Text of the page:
Selective Breeding and the Effects on Dog Intelligence

Selective Breeding

There are significant differences between the different dog breeds, not only in appearance but also in their personality traits. Some dogs are known for their loyalty, while others can boast intelligence as one of their best traits. Similarly, there are breeds that hardly shed, and others that are well-loved due to their facial features. On the other hand, some dog breeds also have undesirable traits, such a genetic predisposition to certain health conditions, coats that shed excessively, or an aggressive streak. This is why some breeds are better suited to jobs than others. So German Shepherd dogs work with the police, Border Collies are often farm dogs, and Pekinese are good companion dogs.

To breed dogs that have the best traits of a breed without undesirable traits, a process called selective breeding is used. Wikipedia describes selective breeding as a process that allows breeders to selectively develop specific characteristics. This is done by choosing the best dogs of one breed or mating two different breeds together to get the best traits of both. In the case of the latter, this is how designer breeds are created, such as Labradoodles.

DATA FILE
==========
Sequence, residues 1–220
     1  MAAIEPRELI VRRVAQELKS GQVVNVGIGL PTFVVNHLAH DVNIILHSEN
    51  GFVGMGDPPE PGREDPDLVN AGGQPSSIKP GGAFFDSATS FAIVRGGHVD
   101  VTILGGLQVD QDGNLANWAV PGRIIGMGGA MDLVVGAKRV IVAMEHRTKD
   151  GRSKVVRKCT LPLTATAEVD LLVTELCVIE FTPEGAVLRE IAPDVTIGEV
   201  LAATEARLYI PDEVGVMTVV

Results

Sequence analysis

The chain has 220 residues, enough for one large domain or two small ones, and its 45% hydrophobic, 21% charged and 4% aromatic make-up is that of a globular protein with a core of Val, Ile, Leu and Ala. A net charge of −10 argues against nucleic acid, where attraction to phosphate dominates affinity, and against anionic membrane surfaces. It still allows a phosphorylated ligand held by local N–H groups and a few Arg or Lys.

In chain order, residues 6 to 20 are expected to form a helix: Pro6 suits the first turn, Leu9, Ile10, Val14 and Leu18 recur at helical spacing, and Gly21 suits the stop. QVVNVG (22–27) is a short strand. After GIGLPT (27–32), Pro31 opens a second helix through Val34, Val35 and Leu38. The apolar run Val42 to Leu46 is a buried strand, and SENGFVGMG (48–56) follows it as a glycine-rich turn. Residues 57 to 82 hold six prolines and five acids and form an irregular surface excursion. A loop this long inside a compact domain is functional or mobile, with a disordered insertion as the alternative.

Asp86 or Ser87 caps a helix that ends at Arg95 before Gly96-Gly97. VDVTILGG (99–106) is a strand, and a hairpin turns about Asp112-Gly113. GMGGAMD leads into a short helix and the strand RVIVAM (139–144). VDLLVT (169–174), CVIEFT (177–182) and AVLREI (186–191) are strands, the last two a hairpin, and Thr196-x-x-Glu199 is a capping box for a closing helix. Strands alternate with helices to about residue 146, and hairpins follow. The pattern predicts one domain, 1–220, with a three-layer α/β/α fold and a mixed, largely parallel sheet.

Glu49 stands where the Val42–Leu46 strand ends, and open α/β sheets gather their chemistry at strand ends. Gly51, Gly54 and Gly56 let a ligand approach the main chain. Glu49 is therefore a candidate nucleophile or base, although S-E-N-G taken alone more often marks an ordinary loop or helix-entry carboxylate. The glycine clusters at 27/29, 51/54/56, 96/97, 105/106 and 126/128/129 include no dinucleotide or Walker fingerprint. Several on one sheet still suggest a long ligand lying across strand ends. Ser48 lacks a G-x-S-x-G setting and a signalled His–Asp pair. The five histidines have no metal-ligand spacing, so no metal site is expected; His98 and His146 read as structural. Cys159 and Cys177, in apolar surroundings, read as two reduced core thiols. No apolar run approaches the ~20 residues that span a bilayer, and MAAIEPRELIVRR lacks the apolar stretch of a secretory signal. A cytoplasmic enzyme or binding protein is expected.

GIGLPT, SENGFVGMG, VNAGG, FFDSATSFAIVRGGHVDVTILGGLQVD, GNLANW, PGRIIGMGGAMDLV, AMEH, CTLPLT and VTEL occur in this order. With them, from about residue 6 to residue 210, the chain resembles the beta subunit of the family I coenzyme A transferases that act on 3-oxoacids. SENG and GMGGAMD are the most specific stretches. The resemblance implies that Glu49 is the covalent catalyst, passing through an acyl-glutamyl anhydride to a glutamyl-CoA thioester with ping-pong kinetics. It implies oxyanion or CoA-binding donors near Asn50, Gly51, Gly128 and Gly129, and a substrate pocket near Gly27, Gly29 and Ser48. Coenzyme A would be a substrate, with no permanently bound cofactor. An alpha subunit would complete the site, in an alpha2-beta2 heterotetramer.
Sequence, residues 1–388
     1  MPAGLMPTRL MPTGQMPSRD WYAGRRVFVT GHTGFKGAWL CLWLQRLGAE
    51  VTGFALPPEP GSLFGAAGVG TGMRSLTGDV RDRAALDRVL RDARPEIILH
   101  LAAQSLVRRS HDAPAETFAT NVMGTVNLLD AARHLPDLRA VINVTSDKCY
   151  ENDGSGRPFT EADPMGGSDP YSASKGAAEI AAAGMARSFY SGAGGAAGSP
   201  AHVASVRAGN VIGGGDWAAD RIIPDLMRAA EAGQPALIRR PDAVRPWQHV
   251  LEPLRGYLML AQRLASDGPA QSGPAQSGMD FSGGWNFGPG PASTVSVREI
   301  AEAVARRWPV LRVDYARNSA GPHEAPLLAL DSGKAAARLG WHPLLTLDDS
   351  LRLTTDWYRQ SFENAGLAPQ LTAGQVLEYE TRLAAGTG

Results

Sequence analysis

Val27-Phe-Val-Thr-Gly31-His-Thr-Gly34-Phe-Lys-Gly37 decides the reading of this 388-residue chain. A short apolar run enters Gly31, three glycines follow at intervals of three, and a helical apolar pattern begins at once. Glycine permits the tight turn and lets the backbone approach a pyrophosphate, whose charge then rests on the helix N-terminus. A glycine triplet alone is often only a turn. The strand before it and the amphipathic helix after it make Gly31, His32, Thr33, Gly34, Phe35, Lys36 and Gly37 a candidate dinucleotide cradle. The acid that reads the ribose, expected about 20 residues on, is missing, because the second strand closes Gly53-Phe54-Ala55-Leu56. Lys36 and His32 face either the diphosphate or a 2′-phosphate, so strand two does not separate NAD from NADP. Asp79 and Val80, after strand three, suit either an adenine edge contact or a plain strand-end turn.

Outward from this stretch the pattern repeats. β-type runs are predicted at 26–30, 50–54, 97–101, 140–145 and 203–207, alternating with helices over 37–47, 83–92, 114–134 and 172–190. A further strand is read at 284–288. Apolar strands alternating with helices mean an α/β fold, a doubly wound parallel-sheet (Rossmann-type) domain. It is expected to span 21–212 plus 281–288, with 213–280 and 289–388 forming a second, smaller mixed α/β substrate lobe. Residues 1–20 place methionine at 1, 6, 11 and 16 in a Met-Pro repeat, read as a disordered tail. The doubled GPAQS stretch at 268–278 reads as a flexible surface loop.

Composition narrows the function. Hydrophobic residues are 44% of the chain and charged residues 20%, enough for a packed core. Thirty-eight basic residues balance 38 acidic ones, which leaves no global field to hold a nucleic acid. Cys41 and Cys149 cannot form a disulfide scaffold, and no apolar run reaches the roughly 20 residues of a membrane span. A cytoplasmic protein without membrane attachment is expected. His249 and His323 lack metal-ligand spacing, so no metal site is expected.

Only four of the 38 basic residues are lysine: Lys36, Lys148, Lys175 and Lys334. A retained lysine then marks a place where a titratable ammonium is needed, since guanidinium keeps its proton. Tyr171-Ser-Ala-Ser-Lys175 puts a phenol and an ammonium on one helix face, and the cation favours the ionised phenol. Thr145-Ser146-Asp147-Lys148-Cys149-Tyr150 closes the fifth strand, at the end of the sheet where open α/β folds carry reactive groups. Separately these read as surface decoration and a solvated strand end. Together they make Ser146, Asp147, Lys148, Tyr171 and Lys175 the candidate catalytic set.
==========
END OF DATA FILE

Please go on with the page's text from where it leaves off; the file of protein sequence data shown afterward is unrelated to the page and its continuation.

The main advantage of using selective breeding is that it is possible to eliminate undesirable traits and reduce the likelihood of a dog suffering from a genetic condition that is associated with a particular breed. However, there are also some disadvantages. For example, Tree Hugger highlights the problem of breeding purebred dogs that are linked to certain health defects. In some cases, it can actually increase the risk of a dog suffering from a genetic condition rather than reducing the risk. There is also some evidence to suggest that dogs bred through selective breeding have shorter lifespans than dogs that are not bred in this way.

Now, there is evidence from new research that suggests that selective breeding is also changing dogs’ brains. According to I Heart Dogs, a team of researchers began a study to uncover whether there was a neurological basis for dogs having different physical and personality traits. The intention was to compare different breeds and identify if there were differences in their brains. For example, it is known that some dogs are excellent herders while others are known for their ability to sniff hunt. The researchers wanted to know if the brains of sniff hunters differed in any way from the brains of herding dogs.

Prior to this research, it was an area that had not previously been the subject of research. Therefore, very little was known about the differences in dogs’ brains and the researchers were unsure of what their results would reveal. One method that they used to identify any differences during their research was MRI technology. MRI scans were taken of 62 dogs, with the cohort including both male and female dogs of 33 different breeds. One thing the authors of the study were looking for was whether selective breeding had altered the organization of dogs’ brains and in what ways, if any, this had changed their brains.